I have a simple lab problem:

$30\ \mathrm{mL}$ of $1\ \mathrm{mol/L}$ $\ce{H2SO4}$ reacts with $50\ \mathrm{mL}$ of $1\ \mathrm{mol/L}$ $\ce{NaOH}$ in a neutralization reaction as per the following equation:

$$\ce{H2SO4 + 2NaOH -> 2H2O + Na2SO4}$$

Initial temperature of reactants was $22.0\ \mathrm{^\circ C}$ and final solution temperature was $30.5\ \mathrm{^\circ C}$.

What I CAN solve is the molar heat of reaction for $\ce{NaOH}$, which I found to be $-56.8\ \mathrm{kJ/mol}$. I found that by using: $\mathrm dHm = Q/n = mc\left(\mathrm dT\right) / n$, where $n$ = moles of $\ce{NaOH}$.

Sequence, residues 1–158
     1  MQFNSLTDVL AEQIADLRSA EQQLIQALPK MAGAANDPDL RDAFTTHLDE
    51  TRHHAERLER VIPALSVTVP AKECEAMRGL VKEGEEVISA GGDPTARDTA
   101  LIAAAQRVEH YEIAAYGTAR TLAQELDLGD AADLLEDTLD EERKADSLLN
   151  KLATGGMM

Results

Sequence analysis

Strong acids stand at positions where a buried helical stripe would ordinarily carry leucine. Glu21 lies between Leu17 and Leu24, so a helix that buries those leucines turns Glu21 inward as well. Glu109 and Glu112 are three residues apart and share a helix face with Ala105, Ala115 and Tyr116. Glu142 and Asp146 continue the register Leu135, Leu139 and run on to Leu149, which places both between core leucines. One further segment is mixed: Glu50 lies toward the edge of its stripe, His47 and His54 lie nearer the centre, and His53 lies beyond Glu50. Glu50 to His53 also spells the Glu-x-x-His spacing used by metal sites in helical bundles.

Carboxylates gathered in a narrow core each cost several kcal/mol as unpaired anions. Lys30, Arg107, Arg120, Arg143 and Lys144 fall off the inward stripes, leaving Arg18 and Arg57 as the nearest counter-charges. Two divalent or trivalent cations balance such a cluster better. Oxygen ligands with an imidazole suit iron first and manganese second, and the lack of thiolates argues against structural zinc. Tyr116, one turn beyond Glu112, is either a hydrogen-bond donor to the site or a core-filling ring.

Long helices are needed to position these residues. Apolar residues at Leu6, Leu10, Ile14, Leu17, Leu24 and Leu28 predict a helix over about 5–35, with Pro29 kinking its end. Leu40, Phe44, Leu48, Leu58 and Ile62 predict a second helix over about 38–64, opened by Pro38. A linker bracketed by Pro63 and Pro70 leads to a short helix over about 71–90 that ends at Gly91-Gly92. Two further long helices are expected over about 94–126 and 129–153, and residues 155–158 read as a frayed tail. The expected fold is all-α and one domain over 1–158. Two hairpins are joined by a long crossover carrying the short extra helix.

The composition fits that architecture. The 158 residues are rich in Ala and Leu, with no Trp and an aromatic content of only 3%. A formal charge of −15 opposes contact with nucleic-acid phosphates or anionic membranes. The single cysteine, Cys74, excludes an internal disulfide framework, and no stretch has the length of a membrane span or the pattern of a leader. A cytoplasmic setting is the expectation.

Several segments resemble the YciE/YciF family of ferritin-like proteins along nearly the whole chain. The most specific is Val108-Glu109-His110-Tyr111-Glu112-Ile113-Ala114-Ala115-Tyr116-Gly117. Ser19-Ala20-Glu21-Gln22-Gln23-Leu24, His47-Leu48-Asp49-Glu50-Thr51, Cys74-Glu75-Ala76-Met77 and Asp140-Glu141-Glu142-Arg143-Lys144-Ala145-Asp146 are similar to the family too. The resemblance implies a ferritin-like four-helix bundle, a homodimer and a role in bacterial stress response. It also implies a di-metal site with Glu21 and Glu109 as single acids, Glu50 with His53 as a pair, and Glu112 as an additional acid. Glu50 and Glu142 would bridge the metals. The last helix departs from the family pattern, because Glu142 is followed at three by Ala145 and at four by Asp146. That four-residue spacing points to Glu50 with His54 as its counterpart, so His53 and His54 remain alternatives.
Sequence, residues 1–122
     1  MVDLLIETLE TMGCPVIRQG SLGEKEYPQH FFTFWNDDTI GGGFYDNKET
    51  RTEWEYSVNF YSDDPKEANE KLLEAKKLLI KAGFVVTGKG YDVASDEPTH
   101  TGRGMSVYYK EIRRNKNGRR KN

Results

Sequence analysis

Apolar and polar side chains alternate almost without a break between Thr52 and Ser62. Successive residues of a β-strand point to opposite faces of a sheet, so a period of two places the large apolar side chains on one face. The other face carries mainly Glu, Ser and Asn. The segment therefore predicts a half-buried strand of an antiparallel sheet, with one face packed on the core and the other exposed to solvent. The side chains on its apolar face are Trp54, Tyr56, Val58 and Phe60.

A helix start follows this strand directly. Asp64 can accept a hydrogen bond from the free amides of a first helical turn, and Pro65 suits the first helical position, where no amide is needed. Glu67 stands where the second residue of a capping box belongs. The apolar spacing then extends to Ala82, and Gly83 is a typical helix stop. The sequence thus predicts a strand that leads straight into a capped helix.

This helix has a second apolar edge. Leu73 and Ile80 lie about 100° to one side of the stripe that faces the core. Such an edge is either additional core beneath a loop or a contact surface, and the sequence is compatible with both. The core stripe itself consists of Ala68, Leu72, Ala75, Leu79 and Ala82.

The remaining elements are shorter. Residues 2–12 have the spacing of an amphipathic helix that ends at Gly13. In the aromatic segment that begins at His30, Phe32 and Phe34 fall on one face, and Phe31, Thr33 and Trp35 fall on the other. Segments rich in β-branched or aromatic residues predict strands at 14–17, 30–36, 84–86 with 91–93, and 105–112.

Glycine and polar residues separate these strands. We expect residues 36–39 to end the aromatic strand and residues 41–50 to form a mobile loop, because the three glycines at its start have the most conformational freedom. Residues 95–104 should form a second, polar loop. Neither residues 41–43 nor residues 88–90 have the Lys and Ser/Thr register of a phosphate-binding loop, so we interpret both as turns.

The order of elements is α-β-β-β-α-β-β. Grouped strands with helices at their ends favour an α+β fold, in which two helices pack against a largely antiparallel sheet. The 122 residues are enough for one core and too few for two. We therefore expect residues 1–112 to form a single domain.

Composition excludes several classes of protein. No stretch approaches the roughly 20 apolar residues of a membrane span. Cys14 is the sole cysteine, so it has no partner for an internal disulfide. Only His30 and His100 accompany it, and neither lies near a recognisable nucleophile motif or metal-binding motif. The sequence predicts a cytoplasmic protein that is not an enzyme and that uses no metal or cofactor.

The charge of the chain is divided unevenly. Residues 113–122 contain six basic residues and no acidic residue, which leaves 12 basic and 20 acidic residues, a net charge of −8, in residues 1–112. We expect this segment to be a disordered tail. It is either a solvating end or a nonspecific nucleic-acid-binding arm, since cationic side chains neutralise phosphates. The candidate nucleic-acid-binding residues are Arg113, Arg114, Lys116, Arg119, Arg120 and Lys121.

$n = 1\ \mathrm{mol/L} \times 0.05\ \mathrm L = 0.05\ \mathrm{mol}$

Then $\mathrm dHm = \left[ \left( 50\ \mathrm{ml} + 30\ \mathrm{ml} \right) \times 4.19\ \mathrm{J/\left(g\ ^\circ C\right)} \times 8.5\ \mathrm{^\circ C} \right] / 0.05\ \mathrm{mol} = -56.8\ \mathrm{kJ/mol}$ since the reaction is exothermic.

The trickier part is when it asks me what the molar heat of reaction for water is in this neutralization reaction. I know the general enthalpy is just $mc\left(\mathrm dT\right) = 2.84\ \mathrm{kJ}$. But then what do I do with this value to find the molar heat of neutralization for water? I have to divide by the number of mols of water as per the equation above, but I don't know which number to plug in? I need explanation, please.


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